Securing a Strong Future: An Illinois School Foundation Rises to the Challenge

From drama programs to fishing poles, western Illinois' ROWVA Public Schools Foundation enriches student learning opportunities.

August 26, 2015 |

"An annual drama program is just one example of how western Illinois' ROWVA Public Schools Foundation adds value to the overall school experience. Photo by Kent Kreigshauser"

The story of western Illinois’ ROWVA school district mirrors the evolution of America’s rural schools. Until 1949, the villages of Rio, Oneida, Victoria and Altona had their own independent school districts. After World War II, though, paved roads, better busses, farm consolidation, and the “modern” school model resulted in scores of school consolidations; these four neighbors followed suit, adding the hamlet of Wataga in 1989. Initially, the various school buildings in their respective locations were kept open as elementary schools, intermediate centers, or such, but over time the concept of one campus seemed sensible, and the entire K-12 system was eventually located in the centrally situated Oneida. This is how it stands today.

While there may have been some consternation through the years, this consolidation partnership, like other voluntary school consolidations in Illinois, worked reasonably well. But it would not be without challenges. Rural population decline, state tax struggles, and the costs of purchasing and maintaining new technology put funding pressures on the strongest of rural schools. ROWVA was no exception, and in 1999 local school advocates established the ROWVA Public Schools Foundation in hopes of helping the district keep up. According to Foundation volunteer, Pat Turner, the original intent was to fund “technology needs and unfunded mandates from the state.”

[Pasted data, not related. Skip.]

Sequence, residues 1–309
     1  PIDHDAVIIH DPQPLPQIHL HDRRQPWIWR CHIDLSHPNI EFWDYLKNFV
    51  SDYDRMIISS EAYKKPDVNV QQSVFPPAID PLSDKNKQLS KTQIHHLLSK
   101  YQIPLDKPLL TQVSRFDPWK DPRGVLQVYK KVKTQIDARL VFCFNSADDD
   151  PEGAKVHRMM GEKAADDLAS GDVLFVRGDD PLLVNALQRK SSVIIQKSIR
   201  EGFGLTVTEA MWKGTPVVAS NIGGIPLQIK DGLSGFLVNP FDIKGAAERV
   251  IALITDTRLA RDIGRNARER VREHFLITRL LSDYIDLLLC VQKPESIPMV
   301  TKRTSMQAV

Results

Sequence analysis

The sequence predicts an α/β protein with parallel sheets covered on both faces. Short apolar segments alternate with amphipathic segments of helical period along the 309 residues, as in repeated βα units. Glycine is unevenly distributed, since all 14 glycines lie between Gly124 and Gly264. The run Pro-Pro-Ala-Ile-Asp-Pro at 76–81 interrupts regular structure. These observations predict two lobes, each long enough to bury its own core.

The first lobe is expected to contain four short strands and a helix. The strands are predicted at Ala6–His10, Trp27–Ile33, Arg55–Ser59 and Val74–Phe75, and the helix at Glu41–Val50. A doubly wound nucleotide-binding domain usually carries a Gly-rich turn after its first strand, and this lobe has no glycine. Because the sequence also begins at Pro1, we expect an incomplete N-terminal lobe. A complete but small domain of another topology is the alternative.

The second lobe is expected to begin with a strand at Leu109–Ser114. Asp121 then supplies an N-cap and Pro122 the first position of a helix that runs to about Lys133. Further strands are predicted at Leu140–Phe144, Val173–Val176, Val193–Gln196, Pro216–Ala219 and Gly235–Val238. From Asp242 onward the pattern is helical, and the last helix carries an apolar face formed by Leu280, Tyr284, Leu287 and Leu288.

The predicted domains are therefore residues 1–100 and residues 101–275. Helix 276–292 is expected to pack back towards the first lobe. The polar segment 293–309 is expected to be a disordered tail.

Pat Turner knows a thing or two about the history of rural schools. Born in Industry, Illinois (pop. 540), near Macomb, Pat and her family moved to Rio (pop. 240) in 1956 when she was ten years old. Since that time she grew up, attended local schools, taught, raised a family (synonymous with “attending ballgames,” she laughed), served as a principal in the ROWVA district, and, subsequently, retired. Now she volunteers on the foundation board of directors. Well, it is more than that. Karlie Bowman, Galesburg Community Foundation communications director, claims that, for all intents and purposes, Pat is the ROWVA School Foundation’s “staff person.”

Pat’s experiences as a parent, teacher, and administrator give her a unique perspective on what a school foundation can mean to a rural school district. What started as a way to buy computers has become a more comprehensive effort to strengthen the overall education experience and build community. Relying primarily on an annual auction, the ROWVA Public Schools Foundation has been raising more than $30,000 annually for teacher mini-grants, arts programming, community grants, and scholarships.

“We have funded a marine lab, school supplies backpack programs for Altona, Victoria, and Wataga, an annual drama performance at the school, and a summer reading effort at the Altona Public Library,” said Pat, who is also proud of the Foundation’s sense of place. “There was a survey that discovered that 75% of our students had never been fishing, and here we live in an area that has plenty of good places to fish. So we funded a program that bought fishing poles and bait, paid for bus transportation, and took kids to Little John [a local lake], learning how to fish.”